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Estate Planning Series Part 3: Wills

When most people think of estate planning, the first thing that likely comes to mind is a will. A Will is a legal document that conveys your wishes regarding the distribution of your property. If you pass away without a Will in place, your wishes may not be carried out. The person for whom a Will is drafted is known as a Testator. Wills are revocable, meaning that they can be amended throughout the Testator’s life. They only become effective upon the Testator’s death and will be enforceable in other states even if the Testator moves.


There are several reasons why an individual may need a Will. Again, the main purpose of a Will is to control who receives property and how that property is divided. Individuals who want to leave specific items to specific loved ones can do so through a Will. Individuals can also use a Will for business succession purposes by outlining how their business interests will be distributed after their death.


However, the amount of assets or the size of an estate that an individual has should not stop them from seeking out a robust estate plan. Having a Will in place will also simplify an otherwise very confusing probate process. People with minor children will also benefit from having a Will in place. Through a Will, Testators can nominate guardians for their children. Those guardians are responsible for the Testator’s children’s’ daily needs like food, clothing, health care, education, and housing. Wills are also used to nominate Executors, who are the people in charge of wrapping up a Testator’s affairs like closing bank accounts, liquidating assets, and notifying creditors. Wills also lower the potential for family drama. Family dynamics can be messy and having a Will in place can minimize potential disputes that may arise when determining the Testator’s wishes. For people who want to leave a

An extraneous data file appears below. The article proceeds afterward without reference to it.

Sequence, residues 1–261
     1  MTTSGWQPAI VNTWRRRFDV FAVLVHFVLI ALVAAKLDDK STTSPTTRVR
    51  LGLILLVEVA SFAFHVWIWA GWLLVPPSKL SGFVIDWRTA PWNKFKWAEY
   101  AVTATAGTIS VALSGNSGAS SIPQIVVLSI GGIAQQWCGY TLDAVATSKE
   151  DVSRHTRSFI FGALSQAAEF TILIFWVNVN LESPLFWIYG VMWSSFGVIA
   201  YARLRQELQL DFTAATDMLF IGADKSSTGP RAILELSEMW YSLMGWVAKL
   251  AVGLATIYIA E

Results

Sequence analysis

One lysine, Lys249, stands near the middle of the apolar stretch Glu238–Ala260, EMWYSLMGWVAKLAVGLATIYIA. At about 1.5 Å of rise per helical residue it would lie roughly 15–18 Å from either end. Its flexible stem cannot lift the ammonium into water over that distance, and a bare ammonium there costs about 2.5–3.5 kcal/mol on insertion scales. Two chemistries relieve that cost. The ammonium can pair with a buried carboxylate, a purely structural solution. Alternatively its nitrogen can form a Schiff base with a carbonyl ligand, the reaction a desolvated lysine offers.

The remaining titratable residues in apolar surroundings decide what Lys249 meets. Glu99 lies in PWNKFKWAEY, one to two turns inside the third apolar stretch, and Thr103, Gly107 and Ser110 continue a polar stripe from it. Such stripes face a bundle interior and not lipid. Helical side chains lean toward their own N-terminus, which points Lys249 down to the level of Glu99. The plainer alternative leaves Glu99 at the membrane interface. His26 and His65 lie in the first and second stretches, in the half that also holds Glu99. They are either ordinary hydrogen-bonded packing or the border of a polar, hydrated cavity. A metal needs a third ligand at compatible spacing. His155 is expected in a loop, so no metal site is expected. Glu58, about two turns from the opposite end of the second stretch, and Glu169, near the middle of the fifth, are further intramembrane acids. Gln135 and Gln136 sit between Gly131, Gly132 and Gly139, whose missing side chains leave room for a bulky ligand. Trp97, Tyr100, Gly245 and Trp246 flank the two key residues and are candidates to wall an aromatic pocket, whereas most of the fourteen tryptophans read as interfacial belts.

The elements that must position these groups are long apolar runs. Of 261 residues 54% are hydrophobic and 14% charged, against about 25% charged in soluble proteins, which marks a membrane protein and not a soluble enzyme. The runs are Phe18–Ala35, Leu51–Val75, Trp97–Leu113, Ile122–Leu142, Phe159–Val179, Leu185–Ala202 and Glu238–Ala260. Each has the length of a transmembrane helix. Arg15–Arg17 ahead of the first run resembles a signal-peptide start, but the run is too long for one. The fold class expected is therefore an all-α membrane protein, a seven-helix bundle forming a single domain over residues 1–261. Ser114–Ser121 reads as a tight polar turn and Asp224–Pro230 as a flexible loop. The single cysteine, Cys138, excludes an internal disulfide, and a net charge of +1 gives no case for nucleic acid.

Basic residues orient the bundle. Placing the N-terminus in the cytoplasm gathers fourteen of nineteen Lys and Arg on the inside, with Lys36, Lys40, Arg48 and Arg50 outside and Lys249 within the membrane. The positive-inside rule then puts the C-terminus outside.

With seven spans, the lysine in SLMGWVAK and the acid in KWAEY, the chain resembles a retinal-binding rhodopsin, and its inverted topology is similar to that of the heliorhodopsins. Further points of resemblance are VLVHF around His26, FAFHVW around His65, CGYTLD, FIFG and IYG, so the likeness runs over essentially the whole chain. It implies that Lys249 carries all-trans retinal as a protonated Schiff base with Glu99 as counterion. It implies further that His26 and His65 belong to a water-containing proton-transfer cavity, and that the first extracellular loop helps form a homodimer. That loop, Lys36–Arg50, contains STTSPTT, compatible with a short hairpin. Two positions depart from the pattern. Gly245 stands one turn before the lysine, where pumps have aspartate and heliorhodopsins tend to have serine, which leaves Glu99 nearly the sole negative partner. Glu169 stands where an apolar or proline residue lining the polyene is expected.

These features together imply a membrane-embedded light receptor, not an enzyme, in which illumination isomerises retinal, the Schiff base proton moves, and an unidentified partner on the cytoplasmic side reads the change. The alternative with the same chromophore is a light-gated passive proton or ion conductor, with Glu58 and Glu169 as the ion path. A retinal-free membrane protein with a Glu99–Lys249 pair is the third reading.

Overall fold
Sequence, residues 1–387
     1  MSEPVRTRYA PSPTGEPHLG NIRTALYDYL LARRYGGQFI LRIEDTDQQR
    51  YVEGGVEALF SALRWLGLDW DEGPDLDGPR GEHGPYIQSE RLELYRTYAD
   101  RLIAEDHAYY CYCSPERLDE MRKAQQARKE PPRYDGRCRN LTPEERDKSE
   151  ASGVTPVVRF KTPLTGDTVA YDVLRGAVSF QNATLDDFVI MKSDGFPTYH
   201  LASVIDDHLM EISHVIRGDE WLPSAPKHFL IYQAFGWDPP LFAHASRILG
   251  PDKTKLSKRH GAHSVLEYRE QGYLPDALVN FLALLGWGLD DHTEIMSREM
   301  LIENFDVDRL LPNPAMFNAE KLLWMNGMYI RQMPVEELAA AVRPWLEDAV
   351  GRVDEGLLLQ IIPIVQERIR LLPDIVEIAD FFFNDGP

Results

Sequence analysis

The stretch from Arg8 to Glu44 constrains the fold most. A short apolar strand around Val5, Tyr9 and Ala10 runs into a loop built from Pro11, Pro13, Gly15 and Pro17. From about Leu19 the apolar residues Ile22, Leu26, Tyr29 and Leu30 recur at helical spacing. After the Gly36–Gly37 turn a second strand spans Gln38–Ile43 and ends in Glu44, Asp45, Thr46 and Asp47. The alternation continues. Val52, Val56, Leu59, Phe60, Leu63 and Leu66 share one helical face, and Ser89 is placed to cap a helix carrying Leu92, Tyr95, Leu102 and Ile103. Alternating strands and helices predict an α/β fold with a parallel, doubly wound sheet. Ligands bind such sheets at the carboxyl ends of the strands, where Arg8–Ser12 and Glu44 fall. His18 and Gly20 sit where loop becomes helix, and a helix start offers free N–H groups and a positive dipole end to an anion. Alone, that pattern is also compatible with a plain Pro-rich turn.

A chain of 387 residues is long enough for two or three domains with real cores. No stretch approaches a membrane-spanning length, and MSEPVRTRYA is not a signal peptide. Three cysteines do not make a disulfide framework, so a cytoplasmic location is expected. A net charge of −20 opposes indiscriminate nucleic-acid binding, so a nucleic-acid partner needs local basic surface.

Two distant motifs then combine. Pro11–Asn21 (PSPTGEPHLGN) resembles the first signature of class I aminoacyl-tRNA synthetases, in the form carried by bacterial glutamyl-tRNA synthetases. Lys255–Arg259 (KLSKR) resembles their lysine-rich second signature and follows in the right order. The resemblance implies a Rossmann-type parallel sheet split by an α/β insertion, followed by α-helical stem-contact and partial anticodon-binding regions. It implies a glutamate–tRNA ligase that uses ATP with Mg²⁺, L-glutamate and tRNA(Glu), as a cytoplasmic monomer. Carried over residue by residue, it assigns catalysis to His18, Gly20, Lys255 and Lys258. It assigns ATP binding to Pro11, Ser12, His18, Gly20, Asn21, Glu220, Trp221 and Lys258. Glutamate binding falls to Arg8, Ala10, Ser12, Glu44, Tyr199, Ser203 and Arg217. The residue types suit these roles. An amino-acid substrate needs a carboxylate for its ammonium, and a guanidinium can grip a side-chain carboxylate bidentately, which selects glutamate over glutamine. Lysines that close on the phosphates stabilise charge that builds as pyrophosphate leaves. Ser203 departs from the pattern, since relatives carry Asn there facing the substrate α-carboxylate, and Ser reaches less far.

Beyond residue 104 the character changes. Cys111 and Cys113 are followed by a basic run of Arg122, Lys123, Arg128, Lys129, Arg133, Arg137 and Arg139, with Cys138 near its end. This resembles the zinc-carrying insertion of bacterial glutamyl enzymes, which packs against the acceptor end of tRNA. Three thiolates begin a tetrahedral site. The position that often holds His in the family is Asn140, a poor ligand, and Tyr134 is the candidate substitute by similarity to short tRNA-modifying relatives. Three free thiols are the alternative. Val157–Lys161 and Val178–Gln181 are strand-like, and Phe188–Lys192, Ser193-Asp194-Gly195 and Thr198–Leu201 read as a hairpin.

legacy gift to a charity or organization, a Will is a great way to support a charity or cause that they care about the most, which may otherwise not be possible if there was no estate plan in place.


Of course, even if you do have a Will in place, it is crucial that you keep that Will updated to reflect your current wishes and your current situation in life. It is important that a Will is reviewed and updated after major life events like the purchase of a significant asset, the death of a loved one who would otherwise have benefited under your Will, divorce, marriage, or even having more children through natural means, foster-care, or adoption.


Having even a simple Will in place will provide the instructions on how you want your estate to be distributed after you pass. With the help of an experienced estate planning attorney, you can create a simple Will or even a comprehensive estate plan to specifically address all your concerns and ensure that the proper individuals are cared for following your passing. The complexity of your estate plan ultimately depends on what assets you have and what your goals are. After all, estate plans are not one-size-fits-all documents. A truly effective estate plan can be a single document or a series of documents that work together towards achieving a common goal. Continue to follow these posts for future articles discussing these estate plan documents. Call us now for a consultation at (888) 367-8198.